Never in my life have I been so sore, exhausted and delirious with happiness as I was during this summer’s 43rd Annual Comic-Con International.

Comic-Con takes place over four days every July at the San Diego Convention Center. While the title suggests a niche crowd of comic book fans, it has expanded its showcase well beyond the graphic novel since its inception in 1970.

The convention still boasts an astounding number of comic-themed exhibitions, but it has grown to also include displays and panels by video game companies, film studios and popular television networks. In fact, the events at Comic-Con that draw the biggest crowds seem to have no relation to comic books whatsoever, though the television shows and films that come to the con tend to be those with an action or science fiction focus that attract a loyal following.

This was my third time attending Comic-Con in my hometown of San Diego. The convention may have been easily accessible in terms of proximity, but no other part was simple. Due to the con’s explosion in popularity, even purchasing tickets is a daunting task, with Comic-Con’s servers frequently crashing while people buy passes. This year, tickets sold out in just 90 minutes, and over 130,000 fans attended.

The convention center, filled with devotees dressed in imaginative costumes of their favorite characters, seemed more densely packed than ever this year. Trying to move around the massive exhibition hall was almost impossible because of the crowds. People waited for hours for TV show cast signings at the network booths and a line stretched all around the giant hall just to buy Comic-Con t-shirts. Trying to attend the con’s famous panels with the stars and creative teams of popular films and television shows was just as difficult. A six hour wait wasn’t unusual for Ballroom 20 or Hall H, two of the convention’s biggest rooms, where discussions and sneak peaks of “Doctor Who,” “The Walking Dead,” “True Blood,” “The Big Bang Theory” and “The Vampire Diaries” continually drew the largest crowds.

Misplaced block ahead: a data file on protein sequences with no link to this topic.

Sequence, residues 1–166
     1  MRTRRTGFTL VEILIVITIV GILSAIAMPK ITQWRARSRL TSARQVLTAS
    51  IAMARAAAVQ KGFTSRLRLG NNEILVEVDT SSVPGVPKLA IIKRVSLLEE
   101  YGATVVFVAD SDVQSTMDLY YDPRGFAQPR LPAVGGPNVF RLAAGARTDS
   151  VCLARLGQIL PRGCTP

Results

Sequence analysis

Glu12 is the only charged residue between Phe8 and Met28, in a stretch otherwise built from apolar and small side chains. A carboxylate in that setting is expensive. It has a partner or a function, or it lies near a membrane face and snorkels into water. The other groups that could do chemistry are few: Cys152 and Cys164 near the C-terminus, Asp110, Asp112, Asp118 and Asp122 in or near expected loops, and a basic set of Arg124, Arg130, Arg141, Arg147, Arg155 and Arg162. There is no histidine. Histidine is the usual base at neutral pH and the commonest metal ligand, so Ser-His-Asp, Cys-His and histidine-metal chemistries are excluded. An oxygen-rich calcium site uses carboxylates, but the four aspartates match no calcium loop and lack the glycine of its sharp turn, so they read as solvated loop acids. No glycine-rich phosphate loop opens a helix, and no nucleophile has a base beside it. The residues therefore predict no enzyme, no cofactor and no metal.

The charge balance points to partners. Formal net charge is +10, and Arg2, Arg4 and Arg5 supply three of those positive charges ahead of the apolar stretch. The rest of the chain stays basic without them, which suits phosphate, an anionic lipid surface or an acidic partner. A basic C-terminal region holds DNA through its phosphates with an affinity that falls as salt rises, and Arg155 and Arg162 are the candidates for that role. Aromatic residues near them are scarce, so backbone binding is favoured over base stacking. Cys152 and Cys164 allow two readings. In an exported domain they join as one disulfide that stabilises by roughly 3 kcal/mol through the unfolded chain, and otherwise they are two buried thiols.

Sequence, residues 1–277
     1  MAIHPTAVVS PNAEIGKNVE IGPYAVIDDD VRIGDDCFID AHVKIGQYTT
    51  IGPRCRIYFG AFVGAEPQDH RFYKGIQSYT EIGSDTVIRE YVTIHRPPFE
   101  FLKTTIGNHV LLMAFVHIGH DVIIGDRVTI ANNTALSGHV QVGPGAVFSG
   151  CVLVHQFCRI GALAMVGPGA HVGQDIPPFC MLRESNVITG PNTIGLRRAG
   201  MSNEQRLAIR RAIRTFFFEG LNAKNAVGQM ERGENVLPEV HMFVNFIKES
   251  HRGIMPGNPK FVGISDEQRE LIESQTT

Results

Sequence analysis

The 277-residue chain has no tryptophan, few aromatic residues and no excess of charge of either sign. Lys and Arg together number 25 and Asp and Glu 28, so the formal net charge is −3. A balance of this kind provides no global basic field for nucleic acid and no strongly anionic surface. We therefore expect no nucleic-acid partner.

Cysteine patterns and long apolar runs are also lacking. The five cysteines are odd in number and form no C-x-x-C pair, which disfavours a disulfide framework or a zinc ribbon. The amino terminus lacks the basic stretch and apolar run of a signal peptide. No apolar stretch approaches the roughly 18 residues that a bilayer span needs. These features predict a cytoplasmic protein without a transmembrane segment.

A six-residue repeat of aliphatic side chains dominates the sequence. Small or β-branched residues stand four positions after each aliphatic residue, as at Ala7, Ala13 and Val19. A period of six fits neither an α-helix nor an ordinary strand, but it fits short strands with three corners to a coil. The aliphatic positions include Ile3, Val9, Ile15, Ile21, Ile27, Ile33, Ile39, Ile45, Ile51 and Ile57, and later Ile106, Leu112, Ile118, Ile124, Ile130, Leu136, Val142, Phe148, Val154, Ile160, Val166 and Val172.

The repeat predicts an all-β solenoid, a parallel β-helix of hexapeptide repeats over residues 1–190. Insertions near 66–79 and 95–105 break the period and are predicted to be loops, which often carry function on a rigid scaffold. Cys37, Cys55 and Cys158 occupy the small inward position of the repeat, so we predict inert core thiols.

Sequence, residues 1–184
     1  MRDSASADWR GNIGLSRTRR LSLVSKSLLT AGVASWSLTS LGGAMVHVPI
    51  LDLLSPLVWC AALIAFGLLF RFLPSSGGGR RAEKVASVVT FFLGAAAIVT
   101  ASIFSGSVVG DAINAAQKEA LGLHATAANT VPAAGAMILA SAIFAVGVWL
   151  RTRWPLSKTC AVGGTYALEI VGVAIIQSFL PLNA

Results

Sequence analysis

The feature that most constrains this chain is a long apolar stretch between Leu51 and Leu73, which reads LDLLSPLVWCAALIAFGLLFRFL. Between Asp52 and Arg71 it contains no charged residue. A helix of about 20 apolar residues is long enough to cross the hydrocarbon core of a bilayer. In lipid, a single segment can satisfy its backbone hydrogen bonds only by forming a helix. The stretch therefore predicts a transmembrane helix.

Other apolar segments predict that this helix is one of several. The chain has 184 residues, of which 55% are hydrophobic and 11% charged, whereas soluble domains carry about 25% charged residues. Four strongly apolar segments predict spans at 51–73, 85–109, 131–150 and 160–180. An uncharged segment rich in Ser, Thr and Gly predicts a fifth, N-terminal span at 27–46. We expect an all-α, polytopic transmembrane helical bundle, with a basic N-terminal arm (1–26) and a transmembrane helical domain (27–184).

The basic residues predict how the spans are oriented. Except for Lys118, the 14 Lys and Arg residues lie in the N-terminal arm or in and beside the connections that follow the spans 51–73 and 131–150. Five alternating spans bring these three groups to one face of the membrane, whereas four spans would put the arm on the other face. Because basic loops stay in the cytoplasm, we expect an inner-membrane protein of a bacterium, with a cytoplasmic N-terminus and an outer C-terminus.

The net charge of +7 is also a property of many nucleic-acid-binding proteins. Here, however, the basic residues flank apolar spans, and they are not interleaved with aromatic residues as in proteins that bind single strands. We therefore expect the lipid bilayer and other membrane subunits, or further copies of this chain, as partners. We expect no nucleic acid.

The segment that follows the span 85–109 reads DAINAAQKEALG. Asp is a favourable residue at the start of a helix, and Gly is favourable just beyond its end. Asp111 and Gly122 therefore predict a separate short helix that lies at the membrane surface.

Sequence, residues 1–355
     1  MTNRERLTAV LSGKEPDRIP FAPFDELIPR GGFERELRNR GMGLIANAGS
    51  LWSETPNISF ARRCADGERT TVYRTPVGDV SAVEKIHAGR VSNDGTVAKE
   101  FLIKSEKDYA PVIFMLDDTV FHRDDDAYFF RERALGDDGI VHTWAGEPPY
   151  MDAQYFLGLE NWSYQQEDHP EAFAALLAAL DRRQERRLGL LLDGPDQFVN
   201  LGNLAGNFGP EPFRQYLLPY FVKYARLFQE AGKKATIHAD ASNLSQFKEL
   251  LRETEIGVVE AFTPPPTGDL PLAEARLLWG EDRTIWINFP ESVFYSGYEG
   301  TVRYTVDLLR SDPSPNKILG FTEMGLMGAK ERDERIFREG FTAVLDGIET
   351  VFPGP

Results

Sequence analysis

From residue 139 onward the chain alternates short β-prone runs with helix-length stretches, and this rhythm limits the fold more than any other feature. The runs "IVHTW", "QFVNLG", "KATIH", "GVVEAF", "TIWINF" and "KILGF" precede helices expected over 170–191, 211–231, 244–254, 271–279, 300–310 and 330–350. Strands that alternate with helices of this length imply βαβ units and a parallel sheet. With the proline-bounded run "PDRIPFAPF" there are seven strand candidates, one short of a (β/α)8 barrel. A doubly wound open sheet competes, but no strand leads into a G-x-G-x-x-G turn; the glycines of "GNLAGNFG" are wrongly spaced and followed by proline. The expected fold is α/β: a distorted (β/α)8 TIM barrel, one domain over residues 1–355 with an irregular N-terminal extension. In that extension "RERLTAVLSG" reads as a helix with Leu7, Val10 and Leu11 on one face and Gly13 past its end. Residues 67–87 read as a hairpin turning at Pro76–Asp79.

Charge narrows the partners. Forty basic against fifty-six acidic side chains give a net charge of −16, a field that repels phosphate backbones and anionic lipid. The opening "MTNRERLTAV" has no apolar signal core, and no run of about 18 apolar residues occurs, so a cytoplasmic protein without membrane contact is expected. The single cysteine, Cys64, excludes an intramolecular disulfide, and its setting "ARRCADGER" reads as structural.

Though I spent more time in line than watching programming, I am still so grateful that I was able to attend the iconic convention again. Personally, I enjoyed the preview night best, which takes place on the Wednesday before the actual Comic-Con panels begin. This year, I snagged a front-row seat in the half-full Ballroom 20, where two huge screens played the first episodes of this season’s upcoming shows. I was pleasantly surprised by the Warner Bros. Television sponsored pilots, which included ABC’s “666 Park Avenue,” The CW’s “Arrow and Cult,” FOX’s “The Following” and NBC’s “Revolution.”

The rest of the convention wasn’t nearly as relaxing, but was just as entertaining. On Friday, after waiting in line for six hours starting at 7 a.m., I finally made it into Ballroom 20 to catch the cast of “Bones,” see Joss Whedon talk to the audience about upcoming projects and hear stars like Lucy Lawless and Anna Torv speak about being women in the television industry.

On Saturday, I chose a smaller ballroom, waited only an hour in line, and stayed for ten hours of programming. I was lucky enough to see the cast of the upcoming “The Following” and CBS’s “Person of Interest,” as well as a cartoonist “quick draw” panel and discussions with top voice actors in the business.

Though I left the San Diego Convention tired and a little annoyed at the human rat race that was each day of that July weekend, I wouldn’t trade my experience for anything. Maybe Comic-Con has become too mainstream, over-commercialized, crowded and expensive over the years, but it will always be a magical place where entertainment nerds like me can just be themselves. I can’t wait to return.